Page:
For gastric lesions, endoscopic surveillance was considered for 13 patients ([Fig. 2c, d]). Re-treatment by endoscopic resection was advised for 3 patients, for positive or non-evaluable horizontal margins. Surgery was recommended for 6 patients.

Zoom Image
Fig. 2 Superficial gastric and colorectal cancers. a Endoscopic image under virtual chromoendoscopy by blue laser imaging of a rectal adenocarcinoma arising on a granular type lateral spreading tumor. b Histological view after resection by endoscopic submucosal dissection showing a T1b well-differentiated adenocarcinoma with superficial submucosal invasion (100 µm), hematoxylin and eosin staining. c Endoscopic image under virtual chromoendoscopy using narrow-band imaging of a gastric Paris 0-IIa + c lesion. d Histological view on a digitized slide after hematoxylin and eosin staining, showing a well-differentiated T1b adenocarcinoma with superficial submucosal invasion (351 µm). Given the histologically complete resections and the absence of poor histoprognostic factors, both endoscopic resections were considered curative and no additional treatment was needed.

After endoscopic papillectomy, endoscopic surveillance was considered for 2 patients. Re-treatment by endoscopic radiofrequency ablation was needed for one patient, due to residual adenoma in the main bile duct. Surgery was advised for 3 patients presenting ampullary carcinomas with submucosal invasion. Following colorectal endoscopic resection, endoscopic surveillance was considered for 21 patients ([Fig. 2a, b]). A complementary endoscopic resection was advised for 23 patients, for positive or non-evaluable horizontal margins, and EMR failure. Surgery was recommended for 29 patients.


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MDM recommendations

The concordance rate between the MDM recommendation and the ESGE guidelines [5] was 92.2 % (141/153). The reason for non-concordance was mostly the presence of comorbidities that contraindicated surgical resection or even chemoradiotherapy. This concordance was 95 % (19/20), 81.3 % (26/32), 100 % (22/22), 100 % (6/6), and 93.2 % (68/73) for esophageal squamous cell carcinoma, Barrett’s carcinoma, gastric adenocarcinoma, neoplasia of the ampulla of Vater, and colorectal adenocarcinoma, respectively.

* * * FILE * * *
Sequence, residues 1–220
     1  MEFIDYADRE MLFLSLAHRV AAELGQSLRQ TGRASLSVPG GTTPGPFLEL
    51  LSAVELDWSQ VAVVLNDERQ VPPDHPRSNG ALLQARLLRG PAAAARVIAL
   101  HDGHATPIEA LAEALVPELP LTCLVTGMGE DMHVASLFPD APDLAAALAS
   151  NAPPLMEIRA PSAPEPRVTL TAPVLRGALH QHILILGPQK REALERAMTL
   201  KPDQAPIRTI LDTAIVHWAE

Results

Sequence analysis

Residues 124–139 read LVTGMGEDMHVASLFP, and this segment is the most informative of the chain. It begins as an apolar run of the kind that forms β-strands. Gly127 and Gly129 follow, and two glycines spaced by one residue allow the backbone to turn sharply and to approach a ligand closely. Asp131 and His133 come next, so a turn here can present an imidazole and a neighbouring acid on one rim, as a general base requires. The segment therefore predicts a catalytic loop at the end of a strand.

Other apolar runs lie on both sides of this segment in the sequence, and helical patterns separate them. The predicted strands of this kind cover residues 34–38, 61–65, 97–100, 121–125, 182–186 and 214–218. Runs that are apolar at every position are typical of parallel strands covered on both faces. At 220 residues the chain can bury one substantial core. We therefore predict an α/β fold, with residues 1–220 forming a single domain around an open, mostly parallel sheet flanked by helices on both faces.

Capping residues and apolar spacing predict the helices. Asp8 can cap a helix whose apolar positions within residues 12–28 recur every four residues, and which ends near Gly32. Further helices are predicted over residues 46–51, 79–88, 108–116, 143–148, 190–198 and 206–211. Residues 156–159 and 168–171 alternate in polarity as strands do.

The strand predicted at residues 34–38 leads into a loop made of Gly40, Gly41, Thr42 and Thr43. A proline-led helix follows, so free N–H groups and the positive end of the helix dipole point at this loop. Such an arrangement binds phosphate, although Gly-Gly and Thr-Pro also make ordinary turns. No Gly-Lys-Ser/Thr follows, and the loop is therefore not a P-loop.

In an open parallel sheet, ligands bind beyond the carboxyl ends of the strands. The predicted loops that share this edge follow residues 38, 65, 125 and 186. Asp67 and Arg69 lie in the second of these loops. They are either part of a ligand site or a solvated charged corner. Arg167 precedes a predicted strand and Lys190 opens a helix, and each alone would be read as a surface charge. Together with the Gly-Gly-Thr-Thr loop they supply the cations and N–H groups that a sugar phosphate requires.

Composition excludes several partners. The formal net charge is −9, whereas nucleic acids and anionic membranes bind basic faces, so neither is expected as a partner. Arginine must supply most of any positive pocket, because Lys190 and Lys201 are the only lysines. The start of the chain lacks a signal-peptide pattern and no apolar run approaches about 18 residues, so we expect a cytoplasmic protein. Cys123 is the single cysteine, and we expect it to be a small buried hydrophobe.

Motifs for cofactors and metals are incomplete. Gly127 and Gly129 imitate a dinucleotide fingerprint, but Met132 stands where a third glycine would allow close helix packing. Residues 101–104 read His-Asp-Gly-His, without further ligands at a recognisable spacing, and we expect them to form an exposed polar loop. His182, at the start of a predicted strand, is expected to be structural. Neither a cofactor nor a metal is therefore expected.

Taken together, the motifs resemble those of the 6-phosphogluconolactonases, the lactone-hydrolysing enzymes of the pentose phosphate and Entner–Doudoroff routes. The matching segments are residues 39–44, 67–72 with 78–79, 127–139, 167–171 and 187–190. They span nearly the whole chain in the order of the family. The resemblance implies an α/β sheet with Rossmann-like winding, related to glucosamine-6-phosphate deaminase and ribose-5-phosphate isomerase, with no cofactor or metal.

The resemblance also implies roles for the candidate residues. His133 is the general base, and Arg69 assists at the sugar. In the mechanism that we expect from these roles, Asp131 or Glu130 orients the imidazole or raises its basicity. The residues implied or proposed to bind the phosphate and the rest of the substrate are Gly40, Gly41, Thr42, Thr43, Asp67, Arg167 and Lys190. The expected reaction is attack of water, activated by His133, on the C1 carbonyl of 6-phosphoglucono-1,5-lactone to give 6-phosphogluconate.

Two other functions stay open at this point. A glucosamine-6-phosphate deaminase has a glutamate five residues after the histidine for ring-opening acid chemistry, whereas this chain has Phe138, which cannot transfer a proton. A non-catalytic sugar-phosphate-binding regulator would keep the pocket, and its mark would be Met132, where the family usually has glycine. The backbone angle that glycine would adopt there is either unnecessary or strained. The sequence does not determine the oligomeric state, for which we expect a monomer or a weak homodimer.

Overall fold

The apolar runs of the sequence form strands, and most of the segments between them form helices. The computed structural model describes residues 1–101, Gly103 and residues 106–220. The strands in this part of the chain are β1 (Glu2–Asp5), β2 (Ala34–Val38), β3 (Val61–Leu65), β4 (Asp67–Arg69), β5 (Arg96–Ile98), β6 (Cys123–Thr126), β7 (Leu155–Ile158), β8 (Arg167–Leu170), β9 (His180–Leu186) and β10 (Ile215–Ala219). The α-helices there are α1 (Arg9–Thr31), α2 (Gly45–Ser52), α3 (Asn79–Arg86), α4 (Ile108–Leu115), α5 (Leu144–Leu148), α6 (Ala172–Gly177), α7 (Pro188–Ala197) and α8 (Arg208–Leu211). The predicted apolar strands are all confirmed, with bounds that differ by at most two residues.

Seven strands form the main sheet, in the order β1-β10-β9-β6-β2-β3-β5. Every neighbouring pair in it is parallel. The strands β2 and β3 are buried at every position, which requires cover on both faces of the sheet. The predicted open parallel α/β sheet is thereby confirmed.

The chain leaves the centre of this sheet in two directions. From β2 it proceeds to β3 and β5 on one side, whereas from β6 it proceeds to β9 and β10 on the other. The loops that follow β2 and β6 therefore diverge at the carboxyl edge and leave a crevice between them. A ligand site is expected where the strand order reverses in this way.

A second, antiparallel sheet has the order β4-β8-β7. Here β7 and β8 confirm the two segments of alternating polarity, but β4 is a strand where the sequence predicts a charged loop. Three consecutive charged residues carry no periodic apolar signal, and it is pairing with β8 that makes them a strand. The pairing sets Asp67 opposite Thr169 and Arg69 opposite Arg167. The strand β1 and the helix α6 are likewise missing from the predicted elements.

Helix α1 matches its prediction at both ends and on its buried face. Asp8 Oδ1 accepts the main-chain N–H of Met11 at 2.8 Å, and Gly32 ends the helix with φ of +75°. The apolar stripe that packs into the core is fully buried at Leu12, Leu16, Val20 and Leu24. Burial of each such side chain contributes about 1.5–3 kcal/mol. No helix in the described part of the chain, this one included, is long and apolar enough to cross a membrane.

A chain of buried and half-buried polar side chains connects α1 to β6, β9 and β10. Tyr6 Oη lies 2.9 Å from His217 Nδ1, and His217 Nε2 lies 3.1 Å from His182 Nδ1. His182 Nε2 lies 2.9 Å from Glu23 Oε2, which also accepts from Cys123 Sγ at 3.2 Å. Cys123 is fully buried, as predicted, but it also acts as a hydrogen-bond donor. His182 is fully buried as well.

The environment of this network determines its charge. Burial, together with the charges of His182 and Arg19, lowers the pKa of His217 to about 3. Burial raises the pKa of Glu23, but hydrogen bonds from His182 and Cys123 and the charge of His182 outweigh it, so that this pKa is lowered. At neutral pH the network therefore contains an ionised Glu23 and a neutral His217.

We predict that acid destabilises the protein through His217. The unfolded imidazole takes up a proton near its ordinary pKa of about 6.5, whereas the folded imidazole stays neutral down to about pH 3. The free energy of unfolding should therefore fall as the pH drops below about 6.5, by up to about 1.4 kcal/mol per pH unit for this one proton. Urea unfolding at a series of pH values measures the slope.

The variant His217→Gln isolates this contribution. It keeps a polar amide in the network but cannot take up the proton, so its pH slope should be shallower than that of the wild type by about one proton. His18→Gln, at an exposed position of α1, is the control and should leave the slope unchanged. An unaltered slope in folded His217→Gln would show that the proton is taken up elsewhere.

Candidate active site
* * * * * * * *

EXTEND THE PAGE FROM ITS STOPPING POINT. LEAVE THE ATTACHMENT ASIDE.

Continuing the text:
The concordance rate between the MDM recommendations and the final patient management was 90.8 % (139/153). The reasons for non-concordance were: loss to follow-up (n = 7), patient refusal (n = 4), contraindication to surgery (n = 1), and contraindication to radiotherapy (n = 2). The concordance rate between the ESGE guidelines and the final patient management was 83.7 % (128/153).

Twelve patients (7.8 %) were informed that the MDM conclusions were not in accordance with the ESGE guidelines. All patients accepted the proposal from the dedicated MDM and received a close follow-up by endoscopy and cross-sectional imaging rather than additional treatment by surgery or chemoradiation. Of them, 58.3 % had a complete R0 resection. The mean follow-up after endoscopic resection was 18.5 months (6 – 30 months). There was no cancer related death, one tumor-unrelated death (congestive heart failure at 21 months, unrelated to endoscopic treatment) and one loco-regional recurrence. This patient had an esophageal squamous cell carcinoma with an indication for surgery (deep submucosal involvement). The loco-regional relapse was diagnosed after 2 months, and the patient was treated with neo-adjuvant chemotherapy (5-fluorouracil/cisplatin) and esophagectomy. Pathology revealed pT3N2 squamous cell carcinoma and subsequent follow-up was unremarkable. Finally, the recurrence rate, the non-cancer related survival, and the disease-specific survival were 8.3 %, 91.7 %, and 100 %, respectively.

Twenty-four patients (15.7 %) in this cohort had a surgical resection following non-curative endoscopic resection. Among those, 10/24 (41.7 %) had residual neoplasia: local residual cancer in 7 patients (29.2 %) (3 gastric lesions, 2 ampullary carcinomas, and 2 colorectal lesions) and lymph node metastases in 4 patients (16.7 %) (1 signet ring cell gastric adenocarcinoma and 3 colorectal lesions). All had deep submucosal invasion, and 6 had positive vertical resection margins.